A Feminist Exploration Into the Past, Present, and Future of The New York Times
On October 18th, 1851, The New York Times published an article entitled “Women’s Rights.” The text explicitly notes:
“We are clearly of the opinion that the time has come for the organization of a ‘Rights of Man Association,’ to withstand the greedy appropriateness of womankind; and if that does not serve, we must resort to dissolution or secession. Anti-masculine agitation must be stayed by some means.”
Fifty-six years later, a similar creed was shouted in The Times’ article “The Feminist Movement.” After a blurb detailing the inside of Queen Alexandra’s bedroom, a male writer shared his views:
“Under the efforts of free thought the emancipation of woman is no longer based on the aspirations, the character, or the ordinary functions of woman. On the contrary, the so-called Feminism tends in reality to the defeminization of woman. There is no longer any question of liberation, or even of emancipation, but there is an organizing of the defensive action of one sex against the other.”
Changing their stances, The New York Times, within only the past week has posted tens of articles highlighting feminist strides globally; including, but not limited to: What #MeToo Means to Teenagers, Ten Women Whose Tongues and Pens Were as ‘Sharp’ as Knives, Did These Women See #MeToo Coming?, Emboldened by #MeToo,’ Mad as Hell’ Women Take Spotlight at Cosby Retrial, and Gender and #MeToo in Australia: Where Do We Begin?.
Whereas a lackluster analysis would claim this stark discrepancy can be chalked up to changing Times (pun intended), a closer inquiry posits that this transition can be explored in an intently dissecting manner that has the capacity to both compliment and criticize the publication in question. For, quiet surely, it is unendingly vital that we not lose appreciation for revolutionary good occuring in the present because of the wrongdoings of wholly different humans in the past. Nevertheless, scholars of all disciplines can still pose the questions: Why does media change over temporal spheres? And, do the people incite such change? The following words attempt, in a no way comprehensive manner, to deduce the beginnings of these answers.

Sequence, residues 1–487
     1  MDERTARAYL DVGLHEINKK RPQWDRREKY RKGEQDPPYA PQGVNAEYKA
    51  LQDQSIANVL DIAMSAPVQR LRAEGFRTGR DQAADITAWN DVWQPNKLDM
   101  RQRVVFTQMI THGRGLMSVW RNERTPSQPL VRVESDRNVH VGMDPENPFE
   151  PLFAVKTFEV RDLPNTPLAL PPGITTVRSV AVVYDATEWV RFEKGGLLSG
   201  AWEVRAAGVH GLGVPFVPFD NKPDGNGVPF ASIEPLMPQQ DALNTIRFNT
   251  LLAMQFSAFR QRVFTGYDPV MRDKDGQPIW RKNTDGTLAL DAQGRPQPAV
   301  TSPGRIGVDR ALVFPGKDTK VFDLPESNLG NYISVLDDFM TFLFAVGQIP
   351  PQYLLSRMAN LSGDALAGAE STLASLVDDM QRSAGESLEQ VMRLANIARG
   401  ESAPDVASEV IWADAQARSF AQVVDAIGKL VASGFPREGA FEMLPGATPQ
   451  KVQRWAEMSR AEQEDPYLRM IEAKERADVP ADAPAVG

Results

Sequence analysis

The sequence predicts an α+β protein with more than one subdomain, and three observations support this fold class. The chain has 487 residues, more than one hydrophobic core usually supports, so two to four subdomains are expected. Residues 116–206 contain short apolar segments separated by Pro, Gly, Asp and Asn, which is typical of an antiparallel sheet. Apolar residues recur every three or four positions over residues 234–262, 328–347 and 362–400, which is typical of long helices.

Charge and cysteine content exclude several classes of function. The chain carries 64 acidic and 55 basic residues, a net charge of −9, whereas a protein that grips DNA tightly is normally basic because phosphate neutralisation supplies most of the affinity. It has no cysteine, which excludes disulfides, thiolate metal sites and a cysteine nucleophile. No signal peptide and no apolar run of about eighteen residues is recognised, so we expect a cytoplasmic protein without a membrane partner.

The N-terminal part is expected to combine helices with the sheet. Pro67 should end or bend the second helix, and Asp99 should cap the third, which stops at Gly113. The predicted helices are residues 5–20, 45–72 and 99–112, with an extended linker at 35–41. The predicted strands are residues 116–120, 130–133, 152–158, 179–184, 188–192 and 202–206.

Before any potential praise is given to The Times, it is beneficial to give a substantial amount of notice to their downfalls throughout the not so distant history. In order to sufficiently do so, a typifying example of The Times’ inadequate response will be given: their previous evaluations of sexual violence and the law. Found in the 1871 article “The Money Salve for Women’s Honor,” another male writer exclaimed:
“We do not know what may have been the merits of the case of RIEHUL VS BARNES, recently tried in Indiana, in which an old man of seventy was sued by a girl of twenty-one for seduction, the damages being laid at 30,000. It is impossible, however, to avoid a feeling of satisfaction at learning that the jury has found for the defendant, because it shows that juries are at least beginning to feel that in a dispute between a man and woman about the ‘honor’ of the latter, the man is not always in the wrong.”
His sexist ideology allows for generations of rhetoric to spout from the mouths of men who choose to view women as liars, regardless of statistical actualities. These statutes are so contradictory in nature to The Times’ current projection of morality, one could nearly not recognize the publication at all.